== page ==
February 14 2016 Latest news:
Adam Aiken, Editor
Tuesday, February 28, 2012
Barclays had more complaints than any other bank taken to the ombudsman in the second half of last year.
Nearly 12,000 cases were taken to the Financial Ombudsman Service – and as well as topping the overall table, Barclays also had the most complaints relating to payment protection insurance (PPI).
About 85pc of all complaints against the bank were upheld by the Financial Ombudsman Service, as opposed to an industry average of 72pc, and 99pc of PPI claims against Barclays were decided in customers’ favour.
It was not the only provider to lose virtually every PPI complaint brought against it. Both MBNA Europe Bank and Lloyds TSB saw 99pc of their customers’ claims upheld, and Black Horse and Bank of Scotland – part of the same banking group as Lloyds TSB – lost 98pc of cases.
At the other end of the spectrum, only 7pc of PPI claims made against Nationwide Building Society were resolved in favour of consumers.
“The proportion of complaints that we have upheld in favour of the consumer – ranging from 6pc to 100pc – clearly highlights the difference in PPI complaints handling across major businesses over this period,” said chief ombudsman Natalie Ceeney.
“It also reflects the efforts made by some businesses to resolve quickly the hundreds of thousands of PPI complaints that had built up during the banks’ unsuccessful PPI legal challenge.
“We now hope to see all businesses who were involved in PPI mis-selling resolving their customers’ complaints fairly, properly and quickly.”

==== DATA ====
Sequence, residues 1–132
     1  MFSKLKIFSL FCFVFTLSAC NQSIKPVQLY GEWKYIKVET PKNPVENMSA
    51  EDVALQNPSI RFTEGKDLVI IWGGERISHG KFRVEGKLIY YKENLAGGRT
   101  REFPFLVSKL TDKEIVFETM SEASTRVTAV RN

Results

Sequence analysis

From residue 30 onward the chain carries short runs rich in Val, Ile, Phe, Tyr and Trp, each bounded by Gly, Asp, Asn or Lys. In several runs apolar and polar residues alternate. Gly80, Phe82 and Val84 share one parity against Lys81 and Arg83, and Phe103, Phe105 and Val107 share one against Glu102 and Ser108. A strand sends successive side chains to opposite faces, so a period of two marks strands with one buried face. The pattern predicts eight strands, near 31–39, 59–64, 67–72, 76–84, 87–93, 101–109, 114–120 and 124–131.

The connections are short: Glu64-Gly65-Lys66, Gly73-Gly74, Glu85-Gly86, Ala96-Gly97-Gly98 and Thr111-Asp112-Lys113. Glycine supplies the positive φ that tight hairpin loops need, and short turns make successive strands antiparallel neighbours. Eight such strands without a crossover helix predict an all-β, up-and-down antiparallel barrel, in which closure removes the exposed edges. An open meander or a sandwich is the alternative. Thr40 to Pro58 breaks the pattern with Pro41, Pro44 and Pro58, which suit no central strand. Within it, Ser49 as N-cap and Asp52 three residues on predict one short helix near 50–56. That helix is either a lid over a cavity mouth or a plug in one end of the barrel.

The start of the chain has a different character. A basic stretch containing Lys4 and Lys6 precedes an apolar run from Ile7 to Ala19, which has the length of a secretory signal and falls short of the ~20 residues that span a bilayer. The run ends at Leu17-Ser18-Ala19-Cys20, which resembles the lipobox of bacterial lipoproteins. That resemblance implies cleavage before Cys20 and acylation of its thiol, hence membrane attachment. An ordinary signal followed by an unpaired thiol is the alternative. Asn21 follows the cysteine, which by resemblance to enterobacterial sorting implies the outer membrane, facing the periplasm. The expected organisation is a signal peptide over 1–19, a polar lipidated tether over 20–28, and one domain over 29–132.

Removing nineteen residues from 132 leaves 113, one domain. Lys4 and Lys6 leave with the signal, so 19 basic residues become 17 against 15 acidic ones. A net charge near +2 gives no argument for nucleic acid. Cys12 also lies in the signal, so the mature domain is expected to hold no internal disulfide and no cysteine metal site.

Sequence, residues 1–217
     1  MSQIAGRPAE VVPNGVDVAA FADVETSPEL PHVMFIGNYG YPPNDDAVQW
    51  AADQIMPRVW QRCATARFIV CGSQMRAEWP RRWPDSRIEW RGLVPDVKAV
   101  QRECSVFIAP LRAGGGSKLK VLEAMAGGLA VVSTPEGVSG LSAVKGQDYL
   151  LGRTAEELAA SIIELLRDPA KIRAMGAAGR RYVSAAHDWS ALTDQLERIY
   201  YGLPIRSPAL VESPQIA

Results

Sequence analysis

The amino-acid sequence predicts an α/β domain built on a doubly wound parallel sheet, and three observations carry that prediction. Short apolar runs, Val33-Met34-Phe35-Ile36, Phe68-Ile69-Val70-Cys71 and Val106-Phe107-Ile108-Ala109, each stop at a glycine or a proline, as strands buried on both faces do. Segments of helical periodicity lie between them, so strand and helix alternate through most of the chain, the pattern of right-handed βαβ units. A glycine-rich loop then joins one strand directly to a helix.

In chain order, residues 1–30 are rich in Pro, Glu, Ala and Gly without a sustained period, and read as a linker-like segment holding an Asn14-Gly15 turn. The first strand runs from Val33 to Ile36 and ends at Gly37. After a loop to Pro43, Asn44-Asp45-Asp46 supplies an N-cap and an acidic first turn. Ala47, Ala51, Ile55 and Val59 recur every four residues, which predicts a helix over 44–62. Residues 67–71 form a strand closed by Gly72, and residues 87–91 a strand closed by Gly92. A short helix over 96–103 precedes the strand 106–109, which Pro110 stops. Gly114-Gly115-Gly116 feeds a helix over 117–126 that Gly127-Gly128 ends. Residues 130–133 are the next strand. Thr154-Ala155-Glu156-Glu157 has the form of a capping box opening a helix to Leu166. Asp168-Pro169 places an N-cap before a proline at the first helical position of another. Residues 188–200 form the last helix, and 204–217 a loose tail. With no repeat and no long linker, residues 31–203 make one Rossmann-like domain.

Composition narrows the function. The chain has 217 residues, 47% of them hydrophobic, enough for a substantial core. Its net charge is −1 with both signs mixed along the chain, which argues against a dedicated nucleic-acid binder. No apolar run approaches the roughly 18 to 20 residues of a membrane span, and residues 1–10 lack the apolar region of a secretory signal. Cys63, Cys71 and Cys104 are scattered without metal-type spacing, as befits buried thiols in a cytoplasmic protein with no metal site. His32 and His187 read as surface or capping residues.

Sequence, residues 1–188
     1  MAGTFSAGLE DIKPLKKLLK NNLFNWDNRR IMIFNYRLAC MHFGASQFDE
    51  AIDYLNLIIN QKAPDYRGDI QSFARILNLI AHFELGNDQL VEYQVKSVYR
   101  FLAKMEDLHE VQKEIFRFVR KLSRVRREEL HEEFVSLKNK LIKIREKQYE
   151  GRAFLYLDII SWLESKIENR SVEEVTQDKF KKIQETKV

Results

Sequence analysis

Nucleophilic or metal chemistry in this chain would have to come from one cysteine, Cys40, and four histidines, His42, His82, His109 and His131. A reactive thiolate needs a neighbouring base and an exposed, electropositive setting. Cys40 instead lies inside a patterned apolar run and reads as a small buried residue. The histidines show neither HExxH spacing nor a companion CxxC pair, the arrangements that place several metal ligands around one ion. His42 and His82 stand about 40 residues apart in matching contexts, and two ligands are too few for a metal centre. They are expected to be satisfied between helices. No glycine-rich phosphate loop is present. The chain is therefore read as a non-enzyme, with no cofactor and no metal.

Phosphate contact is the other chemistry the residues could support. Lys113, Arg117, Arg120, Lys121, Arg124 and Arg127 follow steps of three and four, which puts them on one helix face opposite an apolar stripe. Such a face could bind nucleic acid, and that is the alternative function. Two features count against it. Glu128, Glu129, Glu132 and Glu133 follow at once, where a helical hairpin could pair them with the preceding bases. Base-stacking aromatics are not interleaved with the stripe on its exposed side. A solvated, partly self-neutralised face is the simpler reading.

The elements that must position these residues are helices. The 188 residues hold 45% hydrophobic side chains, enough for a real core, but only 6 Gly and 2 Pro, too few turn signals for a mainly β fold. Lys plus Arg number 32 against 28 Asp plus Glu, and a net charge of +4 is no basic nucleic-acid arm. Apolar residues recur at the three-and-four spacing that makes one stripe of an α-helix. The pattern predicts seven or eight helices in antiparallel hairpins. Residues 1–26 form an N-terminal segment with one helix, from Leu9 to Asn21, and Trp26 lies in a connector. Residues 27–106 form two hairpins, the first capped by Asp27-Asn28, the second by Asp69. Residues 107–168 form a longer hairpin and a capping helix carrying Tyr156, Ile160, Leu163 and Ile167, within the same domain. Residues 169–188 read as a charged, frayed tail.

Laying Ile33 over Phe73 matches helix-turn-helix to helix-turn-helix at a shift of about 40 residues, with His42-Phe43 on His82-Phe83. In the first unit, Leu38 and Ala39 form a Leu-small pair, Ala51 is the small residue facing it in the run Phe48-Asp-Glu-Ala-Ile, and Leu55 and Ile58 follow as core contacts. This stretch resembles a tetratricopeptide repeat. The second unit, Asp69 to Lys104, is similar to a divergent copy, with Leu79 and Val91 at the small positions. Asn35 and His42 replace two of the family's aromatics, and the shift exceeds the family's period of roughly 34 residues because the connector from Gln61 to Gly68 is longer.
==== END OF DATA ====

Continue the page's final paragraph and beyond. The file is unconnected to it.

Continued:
Peter Vicary-Smith, chief executive of consumer group Which?, said: “This data from the Financial Ombudsman Service is further evidence that some banks are systematically failing to treat their customers fairly when things go wrong.
“It is especially unacceptable that tens of thousands of consumers have been forced to take their PPI compensation claims to the ombudsman, where the overwhelming majority of complaints are then upheld.
“This is exactly why we need the Financial Services Bill to create a strong, open and proactive watchdog which not only makes sure that people get proper redress when products are mis-sold, but would ban dodgy financial products before they cause problems.
“In the meantime, the Financial Services Authority (FSA) must take enforcement action against any banks which continue to drag their feet on settling complaints.”
Lloyds TSB had topped the complaints table during the previous six months, but Barclays and MBNA pushed it into third place during the second half of the year.
Overall, complaints about financial services firms dropped by a third over the period, but the ombudsman service said it expected them to rise again this year.
Barclays stressed that although it topped the league table, the number of new complaints made against the bank had fallen.
“We made a commitment to put customers at the heart of our business and improve customer service,” said Antony Jenkins, chief executive of Barclays retail and business banking.
“Tackling complaints is our top priority and these figures show a 36pc reduction in new FOS cases.
“This follows our 30pc year-on-year reduction in FSA reportable banking complaints, and confirms that our actions are delivering results for customers.
“We can and will do more to improve service and go further and faster to drive down complaints.
“We are aiming for further significant reductions in underlying complaints in the first half of 2012 as we continue on our journey to get it right first time, every time, for our customers.”